Prevocalic t-glottaling across word boundaries in Midland American English
Rates of t-glottaling across word boundaries in both preconsonantal and prevocalic contexts have recently been claimed to be positively correlated with the frequency of occurrence of a given word in preconsonantal contexts (Eddington & Channer, 2010). Words typically followed by consonants have been argued to have their final /t/s glottaled more often than words less frequently followed by consonants. This paper includes a number of ‘internal’ and ‘external’ predictors in a mixed-effects logistic regression model and has two goals: (1) to replicate the positive correlation of the frequency of occurrence of a word in preconsonantal contexts (its ‘contextual frequency’) with its rates of t-glottaling in both preconsonantal and prevocalic contexts postulated by Eddington and Channer (2010), and (2) to quantify the factors influencing the likelihood of t-glottaling across word boundaries in Midland American English. The effect of contextual frequency has been confirmed. This result is argued to support a hybrid view of phonological storage and processing, one including both abstract and exemplar representations. T-glottaling has also been found to be negatively correlated with bigram frequency and speech rate deviation, while positively correlated with young age in female speakers.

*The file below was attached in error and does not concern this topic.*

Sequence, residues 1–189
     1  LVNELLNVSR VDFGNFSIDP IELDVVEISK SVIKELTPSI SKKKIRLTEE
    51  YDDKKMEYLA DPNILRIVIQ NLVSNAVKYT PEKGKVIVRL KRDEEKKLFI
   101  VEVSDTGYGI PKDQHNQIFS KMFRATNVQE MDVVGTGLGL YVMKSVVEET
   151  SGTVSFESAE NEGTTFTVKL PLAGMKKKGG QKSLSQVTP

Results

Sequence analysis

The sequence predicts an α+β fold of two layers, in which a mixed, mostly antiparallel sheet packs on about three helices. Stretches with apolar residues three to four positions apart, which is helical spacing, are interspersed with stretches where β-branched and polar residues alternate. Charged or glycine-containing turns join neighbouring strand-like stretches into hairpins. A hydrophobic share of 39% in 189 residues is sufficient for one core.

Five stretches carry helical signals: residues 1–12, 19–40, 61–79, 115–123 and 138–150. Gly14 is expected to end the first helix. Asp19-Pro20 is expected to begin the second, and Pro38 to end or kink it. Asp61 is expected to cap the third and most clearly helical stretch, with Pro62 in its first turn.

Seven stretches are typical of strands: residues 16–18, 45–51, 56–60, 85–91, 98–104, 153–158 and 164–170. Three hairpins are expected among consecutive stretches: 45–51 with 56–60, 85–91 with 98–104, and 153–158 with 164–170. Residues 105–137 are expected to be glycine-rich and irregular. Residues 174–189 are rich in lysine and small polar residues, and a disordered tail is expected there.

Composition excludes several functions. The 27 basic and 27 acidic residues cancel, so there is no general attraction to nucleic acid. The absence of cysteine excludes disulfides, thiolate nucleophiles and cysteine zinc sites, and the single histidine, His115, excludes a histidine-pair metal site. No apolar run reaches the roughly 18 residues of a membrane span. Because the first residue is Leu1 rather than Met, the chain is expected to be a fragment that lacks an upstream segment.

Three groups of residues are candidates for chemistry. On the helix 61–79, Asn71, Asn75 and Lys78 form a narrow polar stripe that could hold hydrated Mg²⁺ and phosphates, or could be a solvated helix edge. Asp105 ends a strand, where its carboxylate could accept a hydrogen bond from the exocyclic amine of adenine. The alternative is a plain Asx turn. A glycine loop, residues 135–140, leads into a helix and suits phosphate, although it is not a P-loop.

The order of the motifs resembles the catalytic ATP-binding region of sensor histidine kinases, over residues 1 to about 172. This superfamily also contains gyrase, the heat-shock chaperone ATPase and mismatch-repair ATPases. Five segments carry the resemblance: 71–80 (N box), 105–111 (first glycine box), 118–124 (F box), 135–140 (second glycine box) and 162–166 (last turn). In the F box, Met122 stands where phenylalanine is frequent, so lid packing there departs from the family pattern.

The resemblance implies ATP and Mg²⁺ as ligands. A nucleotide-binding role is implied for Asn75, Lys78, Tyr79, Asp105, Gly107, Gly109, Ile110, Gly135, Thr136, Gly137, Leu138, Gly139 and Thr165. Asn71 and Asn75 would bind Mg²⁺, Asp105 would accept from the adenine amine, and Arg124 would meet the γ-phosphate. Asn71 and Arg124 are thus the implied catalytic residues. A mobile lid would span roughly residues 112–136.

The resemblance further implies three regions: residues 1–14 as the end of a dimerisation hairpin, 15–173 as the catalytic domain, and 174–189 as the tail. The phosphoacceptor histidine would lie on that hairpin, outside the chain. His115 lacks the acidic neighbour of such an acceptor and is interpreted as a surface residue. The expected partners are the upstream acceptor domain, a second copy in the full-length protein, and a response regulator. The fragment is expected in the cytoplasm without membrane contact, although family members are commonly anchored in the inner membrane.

fonologia korpusowa, reprezentacje fonologiczne, mentalny leksykon
Laboratory Phonology vol. 11 (1), 2020, pp.1-23